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Dane County Office of Energy & Climate Change

Electric Vehicle Range Anxiety


I have been driving an electric vehicle (EV) for more than five years now, which means part of my winter ritual is offering advice to newer EV drivers who are anxious to know whether driving in cold weather will affect their vehicle’s range.

We purchased our first EV used from a dealership in the Milwaukee area. It was the coldest day of the year and we drove it home on the interstate, experiencing range anxiety first hand that day. Since then I’ve learned a lot about EV range estimates and driving EVs in a Wisconsin winter so I thought I would share a few insights so that you might have less anxiety.

First, like all vehicles, EVs are less efficient at high speeds. An internal combustion vehicle that gets 22 mpg when driving 55 miles per hour will get just 16.9 mpg at 75 and only 15.8 at 80 mph. That’s a drop of 23% and 28% respectively. For more information use this calculator to calculate the fuel economy of your internal combustion vehicle at various speeds. 

Second, like all vehicles, EVs are less efficient in cold weather. In most EVs, heating and cooling draws power from the main batteries so using those options judiciously will minimize the range reductions. However, the heated seats and steering wheel draw power from the 12 volt battery rather than the console heating, so using those options first can help preserve range.

Alternative, pre-heating the vehicle is another option. Most EVs can warm the vehicle in your garage while it is still plugged in, thereby reducing the impact of cold without reducing your range. 

And, third, how you drive matters. Whether you drive an EV or an internal combustion vehicle, bad driving habits will use more energy. The driver who accelerates quickly out of an intersection and then slams to a stop at the next traffic light is using about 5% more fuel than someone who has a lighter foot. And driving with underinflated tires will get less range no matter the type of vehicle you have.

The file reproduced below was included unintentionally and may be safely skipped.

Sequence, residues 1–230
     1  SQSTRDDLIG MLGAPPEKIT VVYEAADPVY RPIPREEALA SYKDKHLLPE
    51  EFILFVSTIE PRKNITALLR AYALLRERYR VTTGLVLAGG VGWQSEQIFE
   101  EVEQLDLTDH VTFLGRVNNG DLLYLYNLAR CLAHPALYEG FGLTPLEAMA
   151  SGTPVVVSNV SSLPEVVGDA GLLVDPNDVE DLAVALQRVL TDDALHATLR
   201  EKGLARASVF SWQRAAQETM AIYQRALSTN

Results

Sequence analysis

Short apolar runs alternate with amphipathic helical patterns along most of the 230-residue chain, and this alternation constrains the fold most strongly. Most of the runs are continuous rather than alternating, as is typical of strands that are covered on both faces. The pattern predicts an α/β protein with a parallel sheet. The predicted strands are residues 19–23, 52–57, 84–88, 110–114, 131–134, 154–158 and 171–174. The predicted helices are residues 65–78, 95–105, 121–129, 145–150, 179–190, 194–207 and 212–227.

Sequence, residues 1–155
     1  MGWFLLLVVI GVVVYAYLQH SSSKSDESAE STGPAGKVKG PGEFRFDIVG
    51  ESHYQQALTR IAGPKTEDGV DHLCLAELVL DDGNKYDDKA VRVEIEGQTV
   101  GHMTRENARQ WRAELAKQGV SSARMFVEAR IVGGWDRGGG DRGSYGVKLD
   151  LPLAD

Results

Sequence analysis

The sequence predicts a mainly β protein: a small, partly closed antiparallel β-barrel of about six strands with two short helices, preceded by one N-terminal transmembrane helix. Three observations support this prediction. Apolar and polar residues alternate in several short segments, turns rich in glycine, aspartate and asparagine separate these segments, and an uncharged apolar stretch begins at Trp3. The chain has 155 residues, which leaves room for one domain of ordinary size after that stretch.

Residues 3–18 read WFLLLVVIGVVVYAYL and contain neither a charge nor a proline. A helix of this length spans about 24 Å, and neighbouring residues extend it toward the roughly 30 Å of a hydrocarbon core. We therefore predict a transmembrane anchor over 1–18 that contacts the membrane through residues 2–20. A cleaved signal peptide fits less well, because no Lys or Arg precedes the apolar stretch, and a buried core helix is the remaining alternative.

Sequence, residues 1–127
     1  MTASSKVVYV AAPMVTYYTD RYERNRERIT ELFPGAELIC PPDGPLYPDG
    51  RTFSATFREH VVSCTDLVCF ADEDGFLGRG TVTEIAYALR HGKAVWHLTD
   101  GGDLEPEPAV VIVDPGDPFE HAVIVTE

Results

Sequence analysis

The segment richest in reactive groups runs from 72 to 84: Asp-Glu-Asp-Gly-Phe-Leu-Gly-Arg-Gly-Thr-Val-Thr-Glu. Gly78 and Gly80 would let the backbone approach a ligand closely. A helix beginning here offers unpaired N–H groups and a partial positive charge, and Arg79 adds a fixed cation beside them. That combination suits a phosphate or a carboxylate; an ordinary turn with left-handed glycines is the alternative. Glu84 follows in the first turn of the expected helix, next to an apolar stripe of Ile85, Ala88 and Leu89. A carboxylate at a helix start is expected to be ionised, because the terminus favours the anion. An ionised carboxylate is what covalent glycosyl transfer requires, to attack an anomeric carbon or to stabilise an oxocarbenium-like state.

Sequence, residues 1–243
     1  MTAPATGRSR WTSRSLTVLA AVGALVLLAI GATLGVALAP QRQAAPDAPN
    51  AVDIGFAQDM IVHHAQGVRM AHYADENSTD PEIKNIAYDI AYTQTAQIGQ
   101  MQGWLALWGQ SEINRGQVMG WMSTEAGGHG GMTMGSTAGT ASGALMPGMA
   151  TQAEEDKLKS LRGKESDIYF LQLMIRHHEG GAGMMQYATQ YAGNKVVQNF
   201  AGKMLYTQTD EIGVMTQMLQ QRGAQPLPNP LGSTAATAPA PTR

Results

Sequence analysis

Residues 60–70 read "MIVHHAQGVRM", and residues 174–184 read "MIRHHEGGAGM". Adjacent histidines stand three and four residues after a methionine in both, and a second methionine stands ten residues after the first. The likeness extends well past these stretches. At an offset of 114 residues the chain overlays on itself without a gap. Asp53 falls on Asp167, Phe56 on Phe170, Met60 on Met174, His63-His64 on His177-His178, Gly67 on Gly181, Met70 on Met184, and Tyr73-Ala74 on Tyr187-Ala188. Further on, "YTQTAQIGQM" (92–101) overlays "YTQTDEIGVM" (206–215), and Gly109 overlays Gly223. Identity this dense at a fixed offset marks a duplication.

Finally, although most EV owners do most of their charging at home - estimates are that up to 90% of EV charging happens in the owner’s garage - knowing where you can charge your vehicle if you need more power helps alleviate range anxiety. Numerous apps can tell you where EV charging stations are located. I like PlugShare because it’s crowd sourced and includes helpful tips from other drivers. For long trips A Better Route Planner is nice because it can lay out a route based on your vehicle, the weather, and other factors. 

Knowing where to charge, how your EV estimates range, and how driving patterns and weather affect that range all helps EV owners ease their range anxiety. Still, those first months in an EV feel different. Part, I think, is that instead of looking at a fuel gauge, drivers are focused on an estimated range and sometimes the range seems to change unexpectedly. Key here is understanding that the range is an estimate based on past driving, with more recent trips weighed more heavily. That means if I have been doing in-city errands the last few days my range will vary significantly from when I jump on the highway and drive 70mph for a trip, altering the average. Just remember that at the end of the day, range is an estimate. 

All of that information would have been useful in that first trip in our first EV when we drove 75-80mph on the interstate and the salesperson left the heat set to a toasty 85 degrees. Still, we figured it out. Five years ago we were early adopters as EV owners but, increasingly, EVs are becoming mainstream. And that means it is important for everyone to get past this idea of range anxiety and focus on the benefits of EVs—clean, quiet, fun driving at a fraction of what it costs to drive an internal combustion vehicle. 

Kathy Kuntz

Kathy Kuntz


Kathy is the Director of the Dane County’s Office of Energy and Climate Change. In that role she's leading efforts to implement the Climate Action Plan. Prior to coming to Dane County, Kathy led Cool Choices and, prior to that, she led Wisconsin's Focus on Energy program.

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